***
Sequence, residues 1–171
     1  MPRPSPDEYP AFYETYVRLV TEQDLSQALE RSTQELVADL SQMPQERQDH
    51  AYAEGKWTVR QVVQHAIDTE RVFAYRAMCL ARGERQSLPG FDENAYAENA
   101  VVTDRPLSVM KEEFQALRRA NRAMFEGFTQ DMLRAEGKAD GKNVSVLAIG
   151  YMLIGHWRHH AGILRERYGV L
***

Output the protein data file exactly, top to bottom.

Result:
Sequence, residues 1–171
     1  MPRPSPDEYP AFYETYVRLV TEQDLSQALE RSTQELVADL SQMPQERQDH
    51  AYAEGKWTVR QVVQHAIDTE RVFAYRAMCL ARGERQSLPG FDENAYAENA
   101  VVTDRPLSVM KEEFQALRRA NRAMFEGFTQ DMLRAEGKAD GKNVSVLAIG
   151  YMLIGHWRHH AGILRERYGV L